This is a great phrasal verb today: to stock up. When you stock up, you buy a lot of things that will last a long time. The word “stock” has multiple meanings. One of the meanings is, “something that you have available or in storage.” You might go to a clothing store and ask if they have your favorite garment in your size. The clerk might tell you, “I’m sorry, we don’t have your size in stock.” That means, they don’t have your size available in that store.
So that’s what “stock” means in this sense. To stock up, then, is to buy larger quantities of things that are expected to last you for a while. We typically say “stock up” when we’re talking about things we regularly use. If you buy one tomato, a loaf of bread, a small package of ham, and a few slices of cheese: you’re not stocking up. You’re buying just enough for a couple of sandwiches.
But let’s say that your family is going away for a two-week vacation and you’ve rented a house or an apartment. You don’t want to spend your vacation constantly running to the store. When you get to your destination, you go to the store and you stock up. You buy what you need for the whole week or two weeks. You stock up. If there’s a big snowstorm coming, people stock up before the storm. It might not be easy to get out for a few days, so you’ll want to have enough food in the house. You stock up ahead of time.
This is how you heard it in today’s episode. Walmart is the king of retail in rural America. They have huge stores and even bigger parking lots. If you go to a Walmart at six or seven in the morning, chances are you might see some RV’s in the parking lots. Some companies might not want RV’s parked in their parking lots overnight without paying. Not Walmart: they love it. Why? Because they know that the people in the RV’s will probably stock up at Walmart before they leave. They’ll get food, supplies, water, gas, spare parts—whatever you need for your RV vacation, they have it at Walmart. You can stock up before hitting the road again.
So far, I’ve been using “stock up” in a general sense. Buy a lot of stuff that you need. But if you want to specify what you’re buying, you say “stock up on.” About once every two months, I go to a store called Target. It’s similar to Walmart. And when I go to Target, I stock up on household supplies. Laundry detergent, dishwashing soap, paper towels, cleaning supplies, toothpaste, things like that. Target tends to be a good value, so I stock up on household supplies there, instead of at my grocery store.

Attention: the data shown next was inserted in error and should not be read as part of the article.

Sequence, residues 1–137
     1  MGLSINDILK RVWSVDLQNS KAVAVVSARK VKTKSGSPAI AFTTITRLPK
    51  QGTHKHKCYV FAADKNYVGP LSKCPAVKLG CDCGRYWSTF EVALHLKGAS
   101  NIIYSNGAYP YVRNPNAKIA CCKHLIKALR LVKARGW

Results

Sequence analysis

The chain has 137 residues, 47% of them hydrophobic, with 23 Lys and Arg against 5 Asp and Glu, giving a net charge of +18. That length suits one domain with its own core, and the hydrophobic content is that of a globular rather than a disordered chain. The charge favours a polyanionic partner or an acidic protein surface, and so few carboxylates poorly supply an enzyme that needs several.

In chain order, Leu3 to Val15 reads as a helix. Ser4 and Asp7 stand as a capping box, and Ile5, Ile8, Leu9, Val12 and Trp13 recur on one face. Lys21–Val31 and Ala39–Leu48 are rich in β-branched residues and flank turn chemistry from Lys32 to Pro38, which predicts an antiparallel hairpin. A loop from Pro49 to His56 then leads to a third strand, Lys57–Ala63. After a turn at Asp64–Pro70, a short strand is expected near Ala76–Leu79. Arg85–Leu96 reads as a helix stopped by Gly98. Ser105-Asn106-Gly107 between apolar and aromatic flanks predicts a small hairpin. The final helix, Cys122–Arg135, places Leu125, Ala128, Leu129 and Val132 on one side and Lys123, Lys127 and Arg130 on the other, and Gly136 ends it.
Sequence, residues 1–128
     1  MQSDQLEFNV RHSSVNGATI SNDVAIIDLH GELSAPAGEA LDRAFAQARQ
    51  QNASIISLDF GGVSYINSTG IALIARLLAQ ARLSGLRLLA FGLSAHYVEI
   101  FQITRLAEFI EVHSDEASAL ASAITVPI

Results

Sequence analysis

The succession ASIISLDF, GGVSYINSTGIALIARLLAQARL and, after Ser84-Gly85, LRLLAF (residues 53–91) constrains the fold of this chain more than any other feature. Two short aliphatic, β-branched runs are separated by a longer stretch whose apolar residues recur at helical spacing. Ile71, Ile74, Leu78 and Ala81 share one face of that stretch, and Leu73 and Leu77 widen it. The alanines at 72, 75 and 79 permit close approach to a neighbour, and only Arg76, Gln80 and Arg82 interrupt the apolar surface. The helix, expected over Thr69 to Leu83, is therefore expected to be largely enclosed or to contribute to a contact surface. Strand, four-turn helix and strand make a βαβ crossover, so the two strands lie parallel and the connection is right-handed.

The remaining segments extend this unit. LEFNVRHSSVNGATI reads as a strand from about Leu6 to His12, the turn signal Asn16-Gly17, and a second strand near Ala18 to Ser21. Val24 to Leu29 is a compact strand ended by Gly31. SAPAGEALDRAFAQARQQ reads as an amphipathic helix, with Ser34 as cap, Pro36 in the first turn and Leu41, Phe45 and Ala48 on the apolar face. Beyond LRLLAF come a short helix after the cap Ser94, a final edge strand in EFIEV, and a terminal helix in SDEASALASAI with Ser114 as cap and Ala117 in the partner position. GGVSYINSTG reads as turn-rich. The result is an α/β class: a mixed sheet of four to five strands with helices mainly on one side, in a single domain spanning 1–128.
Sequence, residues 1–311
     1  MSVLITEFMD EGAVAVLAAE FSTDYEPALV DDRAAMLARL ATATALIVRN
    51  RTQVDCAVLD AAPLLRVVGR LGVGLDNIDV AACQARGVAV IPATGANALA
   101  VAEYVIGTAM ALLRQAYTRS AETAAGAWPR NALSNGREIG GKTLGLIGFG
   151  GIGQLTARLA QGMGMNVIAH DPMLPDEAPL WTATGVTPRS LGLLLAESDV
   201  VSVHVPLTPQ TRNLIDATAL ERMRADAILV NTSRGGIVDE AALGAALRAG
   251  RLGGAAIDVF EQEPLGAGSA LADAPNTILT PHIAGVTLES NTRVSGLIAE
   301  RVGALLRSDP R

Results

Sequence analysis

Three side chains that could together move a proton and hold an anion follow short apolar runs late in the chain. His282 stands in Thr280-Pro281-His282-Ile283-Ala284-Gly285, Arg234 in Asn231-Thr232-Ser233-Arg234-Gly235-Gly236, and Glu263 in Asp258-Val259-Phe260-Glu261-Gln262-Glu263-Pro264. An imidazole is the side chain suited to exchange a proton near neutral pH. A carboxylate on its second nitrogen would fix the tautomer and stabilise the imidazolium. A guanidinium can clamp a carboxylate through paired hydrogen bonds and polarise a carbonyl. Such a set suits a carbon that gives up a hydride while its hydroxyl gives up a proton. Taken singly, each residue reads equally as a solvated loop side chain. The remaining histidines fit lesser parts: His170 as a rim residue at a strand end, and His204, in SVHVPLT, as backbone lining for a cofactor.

Here in Chicago, the very best maker of Mexican tortillas is called “El Milagro,” the miracle. And they stopped making their tortillas at their factory on Western Avenue in the Little Village neighborhood of Chicago. It’s a famous tortilla factory—the most popular tortillas in all of Chicago. They had to close the factory for several weeks of sanitation after a worker died of COVID-19. So what did everyone do at the Mexican grocery stores after the news broke? They went to stock up on tortillas. They bought enough to last them a while. People stocked up on tortillas, knowing they wouldn’t be able to buy their favorites for at least a few weeks afterward.
Grilling season is coming and that means it’s time to stock up on your favorite meats for the summer grilling season. Now, it’s not common to say you’re stocking up on fresh food, because fresh food can go bad. You can say that, but it’s less common. But if you have a big freezer, you might stock up on frozen meat, so you always have something to put in the fridge to cook on the grill the next day.
Today is June 1, and that means today is the official start of “hurricane season” in the Caribbean and Florida. It doesn’t mean that there are hurricanes for that whole time—just that this is when hurricanes typically develop. If you live in Florida, you’re making your annual trip to the stores to stock up on supplies in case a big hurricane comes. If you live near the coast, you need to be prepared to lose power for a few days or longer. So you need to stock up on water, stock up on dried food, stock up on supplies. Put that away and hope you don’t need it—but you’ll be glad you have it if a storm hits.
Quote of the Week
Here’s your quote of the week. It’s by the American author Irving Wallace. He said, “Every man can transform the world from one of monotony and drabness to one of excitement and adventure.” Indeed you can, and I like this quote because an RV is a simple way to travel. It’s not exotic and there are a lot of hours on the road when you drive in an RV. But traveling by RV is a great way to feel excitement and adventure—at least I think it is!
See you next time!
You’ll be interested to know that I live near the RV Hall of Fame. That’s right. It’s in the city of Elkhart, Indiana, about an hour, maybe two from Chicago. Elkhart is where they manufacture these huge vehicles. I’ve never been to the museum. You can see it from the highway, right from the Indiana Toll Road, on the right-hand side as you go east. I’ll have to stop in next time I pass by.
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